In a nutshell, at this point you should have a few key prerequisites in place: funding, cross-organizational buy in, defined standards you will be adhering to in your implementation, and a staff identified/assigned to drive the effort to completion. At a high level your implementation plan should resemble:

  1. Cross organizational training on
    • SDN
    • Network Abstraction
    • Standards chosen as a guide
  2. Requirements definition
  3. Design
    • Network Design and Planning
    • Early OSS planning
    • Services Definition
  4. Market Trials
    • Simple implementations, possibly with “friendly” customers you have worked with in trial situations before
    • At least 2 trials before beginning full blown implementation
      • Trial of single market with single service offering based on SDN
      • Trial of multiple markets with multiple offerings
  5. Implementation
    • Network Implementation
    • OSS Implementation
    • Product Launch (or migration of existing products to new SDN platform – the vision drive this)

This phase is not short, as with the Proof of Concept phase, and may be a multiple year effort.


At this point you should have completed all trials successfully, have a fully trained staff, and have evolved your OSS to work with SDN/NFV driven networks. You should also have put serious thoughts in how to further evolve your OSS from one of a record keeping system, that is frequently out of sync with reality in the network, to a Real-Time view of your network where the network and the users of it, whether customer of internal personnel, drive the entire process. The network will be fluid and dynamic and the focus of this phase is to make the systems supporting it to be the same.

Use of CLI interfaces at this point should be very minimal. Simplified UIs should be in place where employees and customers are managing the network almost like a piece of software, as opposed to the neolithic, static environment that networks are in today. Network Orchestration should take the place of manual manipulation of the network.

It should start becoming clear how much faster products can be rolled out to customers in this dynamic environment, which is the beginning of the next phase.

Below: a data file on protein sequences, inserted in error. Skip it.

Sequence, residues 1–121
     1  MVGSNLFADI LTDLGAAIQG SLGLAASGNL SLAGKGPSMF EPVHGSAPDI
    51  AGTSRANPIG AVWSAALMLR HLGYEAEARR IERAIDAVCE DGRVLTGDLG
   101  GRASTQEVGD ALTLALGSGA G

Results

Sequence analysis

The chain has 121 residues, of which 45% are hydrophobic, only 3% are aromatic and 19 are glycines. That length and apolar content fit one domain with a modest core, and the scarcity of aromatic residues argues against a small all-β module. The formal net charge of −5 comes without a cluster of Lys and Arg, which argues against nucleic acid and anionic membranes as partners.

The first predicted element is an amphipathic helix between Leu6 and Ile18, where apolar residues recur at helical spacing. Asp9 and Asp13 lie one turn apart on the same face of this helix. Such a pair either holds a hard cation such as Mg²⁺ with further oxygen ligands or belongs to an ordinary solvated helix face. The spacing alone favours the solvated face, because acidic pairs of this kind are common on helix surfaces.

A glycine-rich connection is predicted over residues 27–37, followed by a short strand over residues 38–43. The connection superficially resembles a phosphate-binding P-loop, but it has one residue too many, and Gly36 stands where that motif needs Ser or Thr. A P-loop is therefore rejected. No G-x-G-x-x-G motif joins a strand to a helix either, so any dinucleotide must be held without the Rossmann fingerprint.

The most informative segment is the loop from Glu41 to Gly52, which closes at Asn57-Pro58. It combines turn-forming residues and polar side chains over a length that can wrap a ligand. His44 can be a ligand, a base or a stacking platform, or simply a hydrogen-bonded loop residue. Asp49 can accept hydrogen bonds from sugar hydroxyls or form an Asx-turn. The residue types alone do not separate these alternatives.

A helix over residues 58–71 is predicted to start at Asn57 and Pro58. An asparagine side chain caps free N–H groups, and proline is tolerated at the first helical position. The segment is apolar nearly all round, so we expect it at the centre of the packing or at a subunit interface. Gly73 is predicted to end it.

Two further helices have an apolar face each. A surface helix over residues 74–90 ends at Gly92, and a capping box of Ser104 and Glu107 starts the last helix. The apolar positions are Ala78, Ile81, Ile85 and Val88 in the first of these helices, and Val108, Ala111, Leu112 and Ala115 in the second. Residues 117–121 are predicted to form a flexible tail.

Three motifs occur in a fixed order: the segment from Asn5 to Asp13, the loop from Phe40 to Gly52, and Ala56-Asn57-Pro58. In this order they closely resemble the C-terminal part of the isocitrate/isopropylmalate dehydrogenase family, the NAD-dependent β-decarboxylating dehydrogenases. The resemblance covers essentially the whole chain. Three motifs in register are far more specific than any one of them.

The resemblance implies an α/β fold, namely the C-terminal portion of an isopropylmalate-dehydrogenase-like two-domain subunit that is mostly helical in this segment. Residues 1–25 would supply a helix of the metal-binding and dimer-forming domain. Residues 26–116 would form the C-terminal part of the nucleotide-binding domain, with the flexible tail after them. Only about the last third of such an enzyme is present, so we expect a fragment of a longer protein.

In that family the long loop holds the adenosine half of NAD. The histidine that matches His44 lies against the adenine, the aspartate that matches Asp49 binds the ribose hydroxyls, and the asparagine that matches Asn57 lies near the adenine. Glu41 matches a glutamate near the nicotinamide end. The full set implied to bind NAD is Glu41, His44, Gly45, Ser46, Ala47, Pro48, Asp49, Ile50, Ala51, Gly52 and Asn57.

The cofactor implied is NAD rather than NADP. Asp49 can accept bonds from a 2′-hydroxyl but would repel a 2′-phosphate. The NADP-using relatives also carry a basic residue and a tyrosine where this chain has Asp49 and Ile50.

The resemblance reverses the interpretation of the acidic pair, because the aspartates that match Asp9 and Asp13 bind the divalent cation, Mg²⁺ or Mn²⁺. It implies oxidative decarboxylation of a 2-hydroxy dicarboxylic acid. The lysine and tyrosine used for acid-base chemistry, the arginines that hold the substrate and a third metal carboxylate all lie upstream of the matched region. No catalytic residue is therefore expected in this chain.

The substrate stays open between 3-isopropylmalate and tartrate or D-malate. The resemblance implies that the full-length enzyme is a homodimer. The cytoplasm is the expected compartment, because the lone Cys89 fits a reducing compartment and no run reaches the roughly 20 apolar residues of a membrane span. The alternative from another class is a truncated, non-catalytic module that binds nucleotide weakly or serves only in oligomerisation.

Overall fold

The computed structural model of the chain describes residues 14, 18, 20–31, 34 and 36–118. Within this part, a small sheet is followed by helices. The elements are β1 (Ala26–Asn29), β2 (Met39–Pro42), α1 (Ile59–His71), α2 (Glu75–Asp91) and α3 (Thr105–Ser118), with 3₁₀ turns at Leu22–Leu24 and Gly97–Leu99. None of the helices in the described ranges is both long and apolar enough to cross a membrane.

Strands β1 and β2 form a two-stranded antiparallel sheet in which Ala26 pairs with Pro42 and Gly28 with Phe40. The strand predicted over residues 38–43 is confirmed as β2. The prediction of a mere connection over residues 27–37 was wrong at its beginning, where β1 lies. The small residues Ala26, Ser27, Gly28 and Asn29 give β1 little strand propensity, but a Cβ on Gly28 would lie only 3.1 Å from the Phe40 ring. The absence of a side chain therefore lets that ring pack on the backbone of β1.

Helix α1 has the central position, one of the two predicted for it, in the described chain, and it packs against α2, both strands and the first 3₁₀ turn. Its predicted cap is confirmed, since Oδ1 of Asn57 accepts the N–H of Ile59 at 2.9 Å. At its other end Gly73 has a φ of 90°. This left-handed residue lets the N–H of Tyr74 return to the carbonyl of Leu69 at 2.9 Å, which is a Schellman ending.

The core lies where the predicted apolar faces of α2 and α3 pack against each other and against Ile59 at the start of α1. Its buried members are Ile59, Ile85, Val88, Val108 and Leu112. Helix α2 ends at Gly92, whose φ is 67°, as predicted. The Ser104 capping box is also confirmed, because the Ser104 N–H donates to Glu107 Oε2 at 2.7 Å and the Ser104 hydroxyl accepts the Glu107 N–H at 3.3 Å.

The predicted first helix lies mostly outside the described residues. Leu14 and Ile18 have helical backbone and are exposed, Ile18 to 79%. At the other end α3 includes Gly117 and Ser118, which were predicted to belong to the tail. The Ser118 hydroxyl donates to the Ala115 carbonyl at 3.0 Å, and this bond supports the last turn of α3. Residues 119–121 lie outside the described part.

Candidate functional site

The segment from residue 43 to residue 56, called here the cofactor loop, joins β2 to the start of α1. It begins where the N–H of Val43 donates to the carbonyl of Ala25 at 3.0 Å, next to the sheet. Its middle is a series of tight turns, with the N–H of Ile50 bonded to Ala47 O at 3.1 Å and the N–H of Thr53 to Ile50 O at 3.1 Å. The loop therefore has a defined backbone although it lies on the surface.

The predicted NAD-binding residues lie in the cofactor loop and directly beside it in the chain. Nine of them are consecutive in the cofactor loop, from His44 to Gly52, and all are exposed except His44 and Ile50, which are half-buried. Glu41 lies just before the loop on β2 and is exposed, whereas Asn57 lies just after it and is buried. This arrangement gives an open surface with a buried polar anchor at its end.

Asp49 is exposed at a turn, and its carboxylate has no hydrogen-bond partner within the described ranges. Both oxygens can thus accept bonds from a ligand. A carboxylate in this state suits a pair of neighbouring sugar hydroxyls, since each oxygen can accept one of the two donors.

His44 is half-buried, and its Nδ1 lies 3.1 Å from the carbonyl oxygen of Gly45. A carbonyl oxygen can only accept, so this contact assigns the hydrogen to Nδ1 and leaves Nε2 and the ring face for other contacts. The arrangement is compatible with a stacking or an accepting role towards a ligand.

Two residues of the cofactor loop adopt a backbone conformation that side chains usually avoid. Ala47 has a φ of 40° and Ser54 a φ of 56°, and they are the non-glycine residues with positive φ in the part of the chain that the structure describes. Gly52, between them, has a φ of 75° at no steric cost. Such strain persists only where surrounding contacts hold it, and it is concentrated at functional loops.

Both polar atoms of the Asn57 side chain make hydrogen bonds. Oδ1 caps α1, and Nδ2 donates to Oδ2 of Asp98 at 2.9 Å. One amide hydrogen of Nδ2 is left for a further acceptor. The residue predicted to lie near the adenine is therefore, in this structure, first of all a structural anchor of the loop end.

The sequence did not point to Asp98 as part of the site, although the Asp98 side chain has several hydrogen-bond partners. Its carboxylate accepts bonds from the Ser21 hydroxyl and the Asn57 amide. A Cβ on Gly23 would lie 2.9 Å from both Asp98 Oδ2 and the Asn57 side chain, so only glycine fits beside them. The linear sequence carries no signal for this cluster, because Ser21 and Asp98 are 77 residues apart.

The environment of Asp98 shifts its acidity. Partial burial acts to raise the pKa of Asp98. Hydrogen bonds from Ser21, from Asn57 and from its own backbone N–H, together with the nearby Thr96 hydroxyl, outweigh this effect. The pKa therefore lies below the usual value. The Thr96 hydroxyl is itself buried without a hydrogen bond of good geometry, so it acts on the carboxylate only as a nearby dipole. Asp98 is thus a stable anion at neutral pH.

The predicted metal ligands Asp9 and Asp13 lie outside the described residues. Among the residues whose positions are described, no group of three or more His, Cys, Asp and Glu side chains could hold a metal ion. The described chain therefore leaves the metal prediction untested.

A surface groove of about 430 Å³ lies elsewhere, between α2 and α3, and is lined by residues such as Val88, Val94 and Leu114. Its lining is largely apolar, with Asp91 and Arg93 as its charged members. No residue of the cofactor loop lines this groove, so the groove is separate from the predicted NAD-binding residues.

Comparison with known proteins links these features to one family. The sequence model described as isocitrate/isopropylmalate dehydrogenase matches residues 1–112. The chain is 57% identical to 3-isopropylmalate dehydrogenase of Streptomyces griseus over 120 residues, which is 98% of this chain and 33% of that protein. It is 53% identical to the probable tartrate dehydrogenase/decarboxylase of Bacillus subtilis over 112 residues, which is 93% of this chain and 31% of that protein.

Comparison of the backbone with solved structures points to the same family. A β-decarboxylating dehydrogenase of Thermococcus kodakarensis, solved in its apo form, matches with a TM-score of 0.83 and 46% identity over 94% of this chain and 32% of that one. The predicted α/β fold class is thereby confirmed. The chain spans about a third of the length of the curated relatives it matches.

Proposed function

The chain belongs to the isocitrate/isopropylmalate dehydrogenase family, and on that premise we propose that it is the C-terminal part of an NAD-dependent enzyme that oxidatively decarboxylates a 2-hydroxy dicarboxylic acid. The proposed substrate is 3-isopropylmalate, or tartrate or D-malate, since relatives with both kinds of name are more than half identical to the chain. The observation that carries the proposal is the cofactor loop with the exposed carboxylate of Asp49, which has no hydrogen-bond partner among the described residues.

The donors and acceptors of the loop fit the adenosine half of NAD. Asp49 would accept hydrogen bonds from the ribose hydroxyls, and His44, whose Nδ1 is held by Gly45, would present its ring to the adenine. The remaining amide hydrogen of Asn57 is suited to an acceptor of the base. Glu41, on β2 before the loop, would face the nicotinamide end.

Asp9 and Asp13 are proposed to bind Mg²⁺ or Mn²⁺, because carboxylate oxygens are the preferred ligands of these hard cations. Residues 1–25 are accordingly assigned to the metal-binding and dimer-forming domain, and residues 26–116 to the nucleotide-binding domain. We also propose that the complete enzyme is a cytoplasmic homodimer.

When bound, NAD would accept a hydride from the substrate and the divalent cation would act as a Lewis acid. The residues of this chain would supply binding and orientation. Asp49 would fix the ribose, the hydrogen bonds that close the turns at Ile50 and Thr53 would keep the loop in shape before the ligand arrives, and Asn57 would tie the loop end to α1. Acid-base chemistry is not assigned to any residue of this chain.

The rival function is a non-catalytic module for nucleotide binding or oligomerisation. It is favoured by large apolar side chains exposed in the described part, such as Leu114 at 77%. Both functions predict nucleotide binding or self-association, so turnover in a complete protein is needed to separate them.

At this point you should have a very mature, SDN savvy staff. You should have a focused common vision and understanding across Engineering, Operations, Customer Care, IT and Product. You should have a near Real-Time OSS environment in place that will allow you to do things such as:

  • Customer Self Service
  • Allow for a Self-Healing network
  • Have an Inventory that truly mirrors the real-time state of the network
  • True Zero Touch Provisioning
  • True Predictive Analysis

In addition the concept of Service Velocity should become a reality. Product should be able to design an offering, trial that offering in a lab, trial that offering in a market, check the take rate, and make the call on wider launch of the offering to all markets in a matter of months, with minimal funding required to do so.

This is the Holy Grail of SDN. SDN’s vision is about dynamic networks, improved customer satisfaction, reduced cost, and increased revenue for the operators. If you focus on the technology side alone your case for SDN may not fly with your executives, but the promise is so much more!

Patrick Moore

Patrick Moore currently serves as the Director of Network Automation Strategy at Itential where he has responsibility for managing the delivery of services to implement network automation for clients leveraging both Itential products and custom developed solutions.

Read More Posts From Patrick ›

Comments are closed here.